Market expectations vs realities about the Central Bank’s rate move
In light of Turkey’s current inflation rate, many market players say the Central Bank should hike interest rates again in its committee meeting this week. Despite this, very few market players expect any rate hike decision in the Monetary Policy Committee meeting, which will be held on Oct. 25.
The inflation rate is expected to rise in October on an annual basis despite a government campaign which has urged the private sector to realize a minimum of 10 percent price cuts until the yearend. The inflation rate rose nearly 2 percent in October 2017 on a monthly basis. As the recent price cuts will make a partial impact on the inflation rate this October, we can expect a higher than 2 percent increase on monthly basis. In this regard, it is expected that the annual inflation rate again will show an increase, even if slightly.
Regarding the current inflation rates and an expected increase in prices in the future, many market players think that the Central Bank should keep hiking interest rates. However, it is very unlikely for the Bank to do this, according to them.
The Central Bank raised the interest rates by 11 percent since the beginning of the year, with the Bank holding the highest hike by 6.25 percent during its meeting on Sept. 13. This is one of the biggest reasons why many market players do not expect any further rate hike. Under some political concerns, the Bank is also believed to not act. A recent decrease in the use of bank loans constitutes another factor ahead of local elections.
A recent increase in the Turkish Lira’s value will be another factor that will make a new rate hike unlikely. Market analysts have said the Central Bank would not need a further hike in light of the current parities. According to them, a series of recent developments have enabled the lira to gain value against the greenback and others, including the release of U.S. pastor Andrew Brunson, an ease in the Turkish-U.S. tensions and various global economic developments, in addition to the 6.25 interest rate hike by the Turkish Central Bank. A banker said the foreign exchange rates are still high and a rate hike may help the lira see 5 against the U.S. dollar, while adding that any rate hike should not be expected.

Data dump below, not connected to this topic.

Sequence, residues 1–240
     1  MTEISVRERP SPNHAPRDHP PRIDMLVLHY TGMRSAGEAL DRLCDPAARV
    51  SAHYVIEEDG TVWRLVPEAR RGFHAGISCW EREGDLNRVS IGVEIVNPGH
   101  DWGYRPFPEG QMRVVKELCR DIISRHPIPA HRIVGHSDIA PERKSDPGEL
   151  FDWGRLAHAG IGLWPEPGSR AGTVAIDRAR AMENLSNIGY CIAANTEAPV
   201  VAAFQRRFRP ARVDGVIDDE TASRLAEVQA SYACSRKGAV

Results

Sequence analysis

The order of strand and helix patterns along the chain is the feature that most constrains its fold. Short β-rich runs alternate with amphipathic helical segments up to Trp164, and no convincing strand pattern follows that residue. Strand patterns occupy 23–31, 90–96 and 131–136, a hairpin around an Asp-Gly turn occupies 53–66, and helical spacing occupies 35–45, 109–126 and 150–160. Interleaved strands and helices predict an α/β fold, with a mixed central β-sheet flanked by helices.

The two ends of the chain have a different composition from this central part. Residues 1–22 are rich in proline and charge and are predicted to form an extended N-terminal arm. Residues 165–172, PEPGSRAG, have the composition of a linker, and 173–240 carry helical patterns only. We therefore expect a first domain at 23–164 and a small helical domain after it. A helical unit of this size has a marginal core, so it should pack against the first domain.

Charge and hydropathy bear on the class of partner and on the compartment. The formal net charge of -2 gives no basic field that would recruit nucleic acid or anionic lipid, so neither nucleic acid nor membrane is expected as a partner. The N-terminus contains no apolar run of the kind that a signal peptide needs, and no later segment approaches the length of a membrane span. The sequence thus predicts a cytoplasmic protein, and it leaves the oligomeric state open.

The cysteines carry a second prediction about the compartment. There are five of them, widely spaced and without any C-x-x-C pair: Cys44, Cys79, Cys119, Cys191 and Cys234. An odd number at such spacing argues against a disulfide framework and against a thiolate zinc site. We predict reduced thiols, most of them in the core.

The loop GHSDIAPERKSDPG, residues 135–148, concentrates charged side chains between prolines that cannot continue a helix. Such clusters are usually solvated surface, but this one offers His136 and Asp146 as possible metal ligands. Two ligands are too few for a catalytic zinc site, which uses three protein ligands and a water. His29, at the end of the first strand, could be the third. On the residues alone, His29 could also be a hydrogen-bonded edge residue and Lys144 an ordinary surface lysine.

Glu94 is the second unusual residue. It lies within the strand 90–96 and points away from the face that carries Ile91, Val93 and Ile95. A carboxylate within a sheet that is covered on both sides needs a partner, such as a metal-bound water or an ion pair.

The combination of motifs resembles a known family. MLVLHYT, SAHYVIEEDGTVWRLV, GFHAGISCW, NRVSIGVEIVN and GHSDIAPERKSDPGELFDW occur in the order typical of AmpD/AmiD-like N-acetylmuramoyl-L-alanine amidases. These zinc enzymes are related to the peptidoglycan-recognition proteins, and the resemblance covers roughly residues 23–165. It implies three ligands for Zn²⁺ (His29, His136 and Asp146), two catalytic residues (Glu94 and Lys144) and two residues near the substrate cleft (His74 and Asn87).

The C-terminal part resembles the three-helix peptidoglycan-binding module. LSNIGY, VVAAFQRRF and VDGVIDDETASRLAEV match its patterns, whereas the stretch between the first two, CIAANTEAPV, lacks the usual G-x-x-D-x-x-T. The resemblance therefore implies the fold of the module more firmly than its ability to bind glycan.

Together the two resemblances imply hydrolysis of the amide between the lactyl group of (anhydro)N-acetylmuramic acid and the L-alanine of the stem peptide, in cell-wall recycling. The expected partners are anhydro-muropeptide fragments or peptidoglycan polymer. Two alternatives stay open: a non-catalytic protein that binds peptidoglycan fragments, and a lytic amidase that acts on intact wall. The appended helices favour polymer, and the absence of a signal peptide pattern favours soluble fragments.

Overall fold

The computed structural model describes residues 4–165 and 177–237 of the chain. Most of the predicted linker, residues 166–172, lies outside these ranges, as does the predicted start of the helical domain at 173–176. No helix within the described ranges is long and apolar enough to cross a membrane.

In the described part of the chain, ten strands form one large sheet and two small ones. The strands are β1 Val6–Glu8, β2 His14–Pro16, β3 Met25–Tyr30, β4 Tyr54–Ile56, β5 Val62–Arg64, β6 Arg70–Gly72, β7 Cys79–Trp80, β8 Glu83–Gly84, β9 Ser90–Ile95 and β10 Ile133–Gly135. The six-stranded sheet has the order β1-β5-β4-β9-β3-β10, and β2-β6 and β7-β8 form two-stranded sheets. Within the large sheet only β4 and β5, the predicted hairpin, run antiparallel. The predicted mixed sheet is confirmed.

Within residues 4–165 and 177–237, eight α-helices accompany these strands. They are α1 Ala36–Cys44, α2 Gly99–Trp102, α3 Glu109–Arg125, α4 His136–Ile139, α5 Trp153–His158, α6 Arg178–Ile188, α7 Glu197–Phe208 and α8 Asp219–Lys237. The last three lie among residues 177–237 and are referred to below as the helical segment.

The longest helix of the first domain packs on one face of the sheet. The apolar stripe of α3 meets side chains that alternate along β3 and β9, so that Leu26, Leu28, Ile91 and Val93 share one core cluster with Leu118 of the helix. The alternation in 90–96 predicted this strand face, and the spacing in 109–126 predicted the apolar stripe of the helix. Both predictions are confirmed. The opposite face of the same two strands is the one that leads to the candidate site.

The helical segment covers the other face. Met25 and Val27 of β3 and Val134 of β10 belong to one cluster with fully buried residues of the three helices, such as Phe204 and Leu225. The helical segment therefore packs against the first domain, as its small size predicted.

Fight against inflation
Almost all market players said the newly-announced government campaign would not help the inflation rate decrease. Although this campaign has contained the extreme price increases in a way, they do not find this trend permanent. They think a big gap in the wholesale (producer) prices and the consumption prices will approximate one way or another. In this regard, a serious and thorough combat against high inflation can be achieved through monetary tightening and interest rate hikes, according to them.
A banker said that stability can be maintained again if the foreign exchange rates can be slashed a bit more. This will also decrease the possibility of the expected bankruptcies in 2019 and the need for banks to find additional capital, according to the banker.
In this vein, market players said that it might be more appropriate technically to make new interest rate hikes for the sake of a future economic recovery by accepting the possibility of a further economic slowdown in the short term. Otherwise, the parities may not be maintained even in today’s levels.
In sum, the rate decision of this week will be a litmus test that will show whether the government will do what is required to maintain economic stability.